It's not very often you can say that you've lived in a home that's quite literally on the go, and even less common to say that it's been in space. For a very few number of people, they can rock these habitation bragging rights while being hailed as the scientific pioneers that they are.
Since November 2nd, 2000, the International Space Station has constantly had at least one human living in it, starting with the crew of Expedition 1. Currently the ISS is home to Expedition 45, with Commander Scott Kelly of NASA in the middle of his "Year In Space" experiment. Alongside Kelly, Russian cosmonaut Mikhail Korniyenko is also spending 365 days in space; the two men are basically guinea pigs in this first-ever experiment on how humans handle being off Earth for extended periods of time. What's even cooler about this is the fact that Kelly has a twin on Earth; when he arrives back on ground, scientists will study the effect of space on a human against his brother. For the two men to give up a year of their lives, being away from friends and family in the name of science and human progression, it's a colossal thing to do and they should be commended endlessly for it.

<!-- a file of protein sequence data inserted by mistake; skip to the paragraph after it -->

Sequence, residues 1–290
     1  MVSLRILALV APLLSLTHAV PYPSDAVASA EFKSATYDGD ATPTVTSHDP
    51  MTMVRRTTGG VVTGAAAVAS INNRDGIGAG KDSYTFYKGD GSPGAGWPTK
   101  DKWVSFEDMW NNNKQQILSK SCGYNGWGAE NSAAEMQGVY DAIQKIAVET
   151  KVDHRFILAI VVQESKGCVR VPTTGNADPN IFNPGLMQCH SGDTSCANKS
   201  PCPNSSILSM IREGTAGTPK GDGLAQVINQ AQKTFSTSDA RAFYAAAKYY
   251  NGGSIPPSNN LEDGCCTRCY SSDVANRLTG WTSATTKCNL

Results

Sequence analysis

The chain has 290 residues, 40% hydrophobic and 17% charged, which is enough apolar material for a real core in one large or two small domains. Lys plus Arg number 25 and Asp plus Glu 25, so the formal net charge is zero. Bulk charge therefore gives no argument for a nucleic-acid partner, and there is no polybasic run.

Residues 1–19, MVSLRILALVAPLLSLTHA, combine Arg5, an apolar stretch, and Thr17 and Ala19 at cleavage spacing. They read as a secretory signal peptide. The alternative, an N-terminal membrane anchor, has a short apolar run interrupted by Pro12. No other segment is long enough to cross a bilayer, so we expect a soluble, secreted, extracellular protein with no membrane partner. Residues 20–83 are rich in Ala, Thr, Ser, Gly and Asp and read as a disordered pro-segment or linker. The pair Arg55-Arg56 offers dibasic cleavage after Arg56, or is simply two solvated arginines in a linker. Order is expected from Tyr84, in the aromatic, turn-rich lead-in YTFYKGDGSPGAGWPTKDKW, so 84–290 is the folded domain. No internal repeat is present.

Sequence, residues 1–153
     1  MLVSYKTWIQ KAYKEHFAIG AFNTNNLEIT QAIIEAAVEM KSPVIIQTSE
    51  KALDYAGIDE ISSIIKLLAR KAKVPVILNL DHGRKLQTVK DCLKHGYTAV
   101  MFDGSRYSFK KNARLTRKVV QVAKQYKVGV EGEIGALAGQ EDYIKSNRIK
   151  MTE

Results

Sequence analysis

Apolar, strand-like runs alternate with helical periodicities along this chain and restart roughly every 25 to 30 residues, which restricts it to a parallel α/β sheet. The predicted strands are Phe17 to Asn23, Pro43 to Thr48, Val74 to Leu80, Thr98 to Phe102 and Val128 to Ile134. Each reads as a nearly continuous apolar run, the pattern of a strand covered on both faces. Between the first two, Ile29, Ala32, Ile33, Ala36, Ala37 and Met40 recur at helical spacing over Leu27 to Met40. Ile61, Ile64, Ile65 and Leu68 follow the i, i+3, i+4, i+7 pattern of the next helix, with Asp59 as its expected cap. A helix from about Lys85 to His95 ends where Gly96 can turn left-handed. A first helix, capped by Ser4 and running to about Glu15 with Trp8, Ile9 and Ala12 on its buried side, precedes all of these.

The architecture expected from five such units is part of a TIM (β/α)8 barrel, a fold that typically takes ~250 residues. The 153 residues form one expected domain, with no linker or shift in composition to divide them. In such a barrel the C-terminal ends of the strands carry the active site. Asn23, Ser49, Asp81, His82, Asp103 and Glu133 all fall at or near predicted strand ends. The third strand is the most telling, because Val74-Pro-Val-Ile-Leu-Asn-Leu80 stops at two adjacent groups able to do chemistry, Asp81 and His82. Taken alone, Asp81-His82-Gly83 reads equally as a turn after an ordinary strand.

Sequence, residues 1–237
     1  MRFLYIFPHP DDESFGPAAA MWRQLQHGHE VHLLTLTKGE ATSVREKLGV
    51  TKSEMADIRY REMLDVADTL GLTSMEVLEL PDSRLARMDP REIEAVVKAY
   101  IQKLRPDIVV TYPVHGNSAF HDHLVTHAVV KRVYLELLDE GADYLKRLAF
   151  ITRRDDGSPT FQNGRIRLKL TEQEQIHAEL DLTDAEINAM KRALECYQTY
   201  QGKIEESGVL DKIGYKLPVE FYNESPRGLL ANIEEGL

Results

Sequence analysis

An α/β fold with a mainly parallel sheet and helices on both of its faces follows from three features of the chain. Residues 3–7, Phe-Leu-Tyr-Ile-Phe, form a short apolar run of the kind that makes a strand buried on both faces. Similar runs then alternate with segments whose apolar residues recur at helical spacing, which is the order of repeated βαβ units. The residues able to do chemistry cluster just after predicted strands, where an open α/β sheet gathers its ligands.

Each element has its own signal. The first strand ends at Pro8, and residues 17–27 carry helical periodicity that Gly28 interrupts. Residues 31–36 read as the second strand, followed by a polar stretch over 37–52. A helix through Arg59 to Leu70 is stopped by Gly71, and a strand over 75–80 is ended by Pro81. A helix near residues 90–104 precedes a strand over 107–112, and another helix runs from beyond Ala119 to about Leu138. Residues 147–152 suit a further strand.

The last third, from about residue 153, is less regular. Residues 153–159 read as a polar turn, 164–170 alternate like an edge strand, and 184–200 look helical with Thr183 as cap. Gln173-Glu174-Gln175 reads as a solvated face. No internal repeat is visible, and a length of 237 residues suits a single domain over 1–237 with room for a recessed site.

Chris Hadfield is a damn
national international treasure, I tell you.
While monetary issues, thanks to the United States congress and Russian federal sector, kept the ISS from starting off on a good foot, it has no doubt given scientists insight into our universe. Things were going along smoothly until February 1st, 2003, when the Columbia shuttle exploded on it's re-entry to earth, killing 7 astronauts on board. After this tragedy, it was hard to keep a consistent human presence on board the ISS, as transportation needed to be greatly re-evaluated.
Piece by piece, the astronauts that fly up to the ISS have been building on and repairing the space station, ensuring that future inhabitants have the space and materials needed to conduct their own experiments. Different portions of the ISS have been added on since 2000, making the expanse of the space station grow to a massive size, roughly that of an American football field.
Always being an international effort, it's fantastic to see that nations of differing religions, politics, economic climates and so on, can come together as a species to further the possibility of life beyond Earth. While on board the ISS, scientists have conducted experiments that helped aid in battling various diseases, as well as having published over 1,200 articles outlining their research findings. Just over 220 people have floated around in it's corridors, representing 17 countries.
Even though there is a current tension between the United States and Russia, a little bit of goodwill is being used to keep the ISS going at least through 2024. By working together, and realizing we are all one species, simply trying to survive in this deadly universe, we can get ourselves to Mars and beyond... and we owe many thanks to the advancements made in the ISS.